137 patients (0–48 months) with proven RSV infection underwent supine CXR and nasopharyngeal swab for bacteriologyObservational studyx-ray Changes in patients with positive vs negative nasopharyngeal swabs14 vs 4 p=0.01Inclusion criteria not clearly defined. 14 children clinically had URTI. Included children outside the age range from bronchiolitis. Clinical significance of positive nasopharyngeal bacteriology uncertain
AtelectasisNo significant difference
InfiltratesNo significant difference
HyperinflationNo significant difference
Hilar gland enlargementNo significant difference
Yong et al,
265 previously healthy infants 2-23 months, presenting to an urban tertiary ED with ‘typical bronchiolitis’.

Pre-radiograph and post-radiograph ED diagnosis correlated with radiology report from blinded radiologist
Prospective observational study and cost effectiveness analysisRate of alternative diagnosis2/265 (0.8%)No attempt to correlate x-ray findings with microbiological results or disease severity. ‘Bronchiolitis associated pneumonia’ on x-ray unlikely to represent bacterial pneumonia in this cohort. Cost effectiveness analysis not generalisable to other healthcare systems
Sensitivity of ED physician for detection alternative diagnosis pre x-ray0% vs 0%

96% vs 88%
Specificity of ED physician for detection alternative diagnosis pre and post x-rayPre-x-ray 12%

Post x-ray 41%
Sensitivity of ED physician diagnosis of ‘bronchiolitis associated pneumonia’Pre-x-ray 90%

Post x-ray 83%
Specificity for ‘bronchiolitis associated pneumonia’Pre-x-ray 90%

Post x-ray 83%
Cost saving from omission of CXR53 Canadian dollars/patient
Farah et al
140 healthy infants <12 months presenting with first episode of wheezingObservational studyRate of alternate diagnosis0.7% (cardiac abnormality) 16%
Rate of infiltrate/atelectasisFever -35%
Severity and symptoms in children with atelectasisTachypnoea- 52%

Hypoxaemia -39%
Shaw et al,
213 infants <13 months presenting to ED with bronchiolitis. Assessment of clinical and radiological features on initial presentation as predictors of more severe disease Prospective observational studyAtelectasis on CXR as a predictor of severe diseaseOR 2.7 (95% CI 0.97 to 3.70)

Sensitivity 21%

Specificity 97%

PPV 82%

NPV 70%
Disease severity dichotomised into ‘mild’ and ‘severe’. Radiologists blinded to clinical findings but investigators not blinded to CXR result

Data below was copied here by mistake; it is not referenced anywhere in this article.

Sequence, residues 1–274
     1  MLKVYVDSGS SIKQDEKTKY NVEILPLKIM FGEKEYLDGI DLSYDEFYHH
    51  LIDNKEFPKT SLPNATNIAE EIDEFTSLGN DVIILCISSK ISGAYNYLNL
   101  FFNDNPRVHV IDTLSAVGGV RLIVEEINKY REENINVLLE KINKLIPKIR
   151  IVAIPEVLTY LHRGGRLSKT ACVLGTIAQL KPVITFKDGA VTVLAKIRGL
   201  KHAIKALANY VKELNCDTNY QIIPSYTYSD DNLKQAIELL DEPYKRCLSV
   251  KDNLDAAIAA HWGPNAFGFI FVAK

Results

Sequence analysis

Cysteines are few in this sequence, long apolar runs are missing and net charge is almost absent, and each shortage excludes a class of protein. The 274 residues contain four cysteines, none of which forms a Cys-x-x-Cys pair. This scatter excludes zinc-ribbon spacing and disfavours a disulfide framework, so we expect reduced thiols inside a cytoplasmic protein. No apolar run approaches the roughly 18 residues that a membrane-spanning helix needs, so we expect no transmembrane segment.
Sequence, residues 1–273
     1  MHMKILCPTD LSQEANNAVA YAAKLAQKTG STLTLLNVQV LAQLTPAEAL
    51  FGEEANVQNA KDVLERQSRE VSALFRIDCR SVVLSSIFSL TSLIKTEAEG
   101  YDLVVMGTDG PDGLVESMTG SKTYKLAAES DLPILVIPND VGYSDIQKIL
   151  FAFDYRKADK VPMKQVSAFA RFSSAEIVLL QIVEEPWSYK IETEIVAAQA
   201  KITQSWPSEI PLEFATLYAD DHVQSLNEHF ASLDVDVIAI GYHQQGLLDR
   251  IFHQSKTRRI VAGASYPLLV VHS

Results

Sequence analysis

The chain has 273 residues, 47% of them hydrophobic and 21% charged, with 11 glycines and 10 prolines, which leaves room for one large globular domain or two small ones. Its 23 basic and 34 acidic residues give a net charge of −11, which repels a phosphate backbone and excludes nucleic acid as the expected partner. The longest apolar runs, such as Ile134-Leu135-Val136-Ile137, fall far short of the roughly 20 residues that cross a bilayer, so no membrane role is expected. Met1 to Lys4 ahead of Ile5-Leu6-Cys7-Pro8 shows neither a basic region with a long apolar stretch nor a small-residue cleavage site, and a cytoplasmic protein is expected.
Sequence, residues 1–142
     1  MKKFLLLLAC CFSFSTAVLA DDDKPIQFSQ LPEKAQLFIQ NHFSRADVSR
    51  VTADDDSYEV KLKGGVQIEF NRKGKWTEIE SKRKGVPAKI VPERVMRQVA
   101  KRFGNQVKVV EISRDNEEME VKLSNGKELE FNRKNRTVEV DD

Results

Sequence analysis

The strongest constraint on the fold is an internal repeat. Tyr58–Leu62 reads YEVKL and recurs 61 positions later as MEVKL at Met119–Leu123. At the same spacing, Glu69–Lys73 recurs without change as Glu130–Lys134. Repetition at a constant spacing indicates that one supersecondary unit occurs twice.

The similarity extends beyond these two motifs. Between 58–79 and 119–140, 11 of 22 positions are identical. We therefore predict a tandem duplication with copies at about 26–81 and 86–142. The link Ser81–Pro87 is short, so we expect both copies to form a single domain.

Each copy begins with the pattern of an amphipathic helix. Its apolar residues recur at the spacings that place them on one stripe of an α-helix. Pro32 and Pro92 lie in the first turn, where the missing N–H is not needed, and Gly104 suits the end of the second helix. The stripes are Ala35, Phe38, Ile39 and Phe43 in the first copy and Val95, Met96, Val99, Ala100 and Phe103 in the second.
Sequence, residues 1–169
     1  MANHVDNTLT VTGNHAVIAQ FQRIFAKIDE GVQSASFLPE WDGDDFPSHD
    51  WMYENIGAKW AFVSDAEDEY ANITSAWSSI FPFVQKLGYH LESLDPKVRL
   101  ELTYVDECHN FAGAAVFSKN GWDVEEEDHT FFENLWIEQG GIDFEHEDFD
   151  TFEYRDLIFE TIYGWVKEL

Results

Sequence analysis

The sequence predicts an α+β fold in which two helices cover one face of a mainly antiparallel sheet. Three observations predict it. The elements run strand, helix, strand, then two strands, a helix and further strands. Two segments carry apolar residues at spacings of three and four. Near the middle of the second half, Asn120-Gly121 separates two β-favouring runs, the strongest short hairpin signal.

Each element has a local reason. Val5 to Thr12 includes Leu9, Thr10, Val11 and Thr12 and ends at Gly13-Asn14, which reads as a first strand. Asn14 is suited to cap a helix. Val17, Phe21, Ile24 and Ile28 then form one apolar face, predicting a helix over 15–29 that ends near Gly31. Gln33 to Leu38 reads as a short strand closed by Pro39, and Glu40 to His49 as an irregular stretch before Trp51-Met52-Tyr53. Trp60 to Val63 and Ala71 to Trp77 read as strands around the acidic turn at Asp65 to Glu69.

Several of the studies include either older children or patients with previous episodes of wheezing and therefore may not be applicable to infants with bronchiolitis. Rate of alternative diagnosis in patients with typical bronchiolitis is low and in the majority of patients presenting with bronchiolitis x-ray is unlikely to influence management. Radiological changes do not correlate strongly with clinical severity. The studies by Friis et al (1990) and Eriksson et al (1986) also suggest that x-ray changes do not reliably differentiate patients with bacterial infection from those with viral infection. Overuse of chest radiography may increase the rate of false-positive diagnosis of ‘pneumonia’ and consequently unnecessary antibiotic use.

Clinical Bottom Line

Routine chest radiography is not indicated in infants presenting with simple bronchiolitis

Level of Evidence

Level 2 - Studies considered were neither 1 or 3.


  1. Friis B, Eiken M, Hornsleth A, et al. Chest Xray appearances in Pneumonia and Bronchiolitis. Acta Paediatr Scand 79 1990 ; 219-225.
  2. Schuh S, Lalani A, Allen U, et al Evaluation of the Utility of Radiography in Acute Bronchiolitis Journal of Pediatrics April 2007; 429-433
  3. Mahabee-Gittens EM, Bachman D, Shapiro E, et al. Chest radiographs in the pediatric emergency department for children (less than or equal to) 18 months of age with wheezing Clinical Pediatrics July 1999; 395-9
  4. Dawson K, Long A, Kennedy J, et al. The Chest Radiograph in Acute Bronchiolitis J. Pediatr Child Health 1990; 209-211
  5. Eriksson J, Nordshus T, Carlsen KH, et al. Radiological findings in children with respiratory syncyctial virus infection: relationship to clinical and bacteriological findings. Pediatr Radiol 1986;16:120–2.
  6. Yong J, Schuh S, Rashidi R, et al. A cost effectiveness analysis of omitting radiography in diagnosis of acute bronchiolitis. Pediatr Pulmonology 2009;44:122–7.
  7. Farah M, Padgett L, McLario D, et al. First time wheezing in infants during respiratory syncytial virus season: chest radiograph findings. Pediatr Emerg Care 2002;18:333–6.
  8. Shaw K, Bell L, Sherman N. Outpatient assessment of infants with bronchiolitis. Am J Dis Child 1991;145:151–5.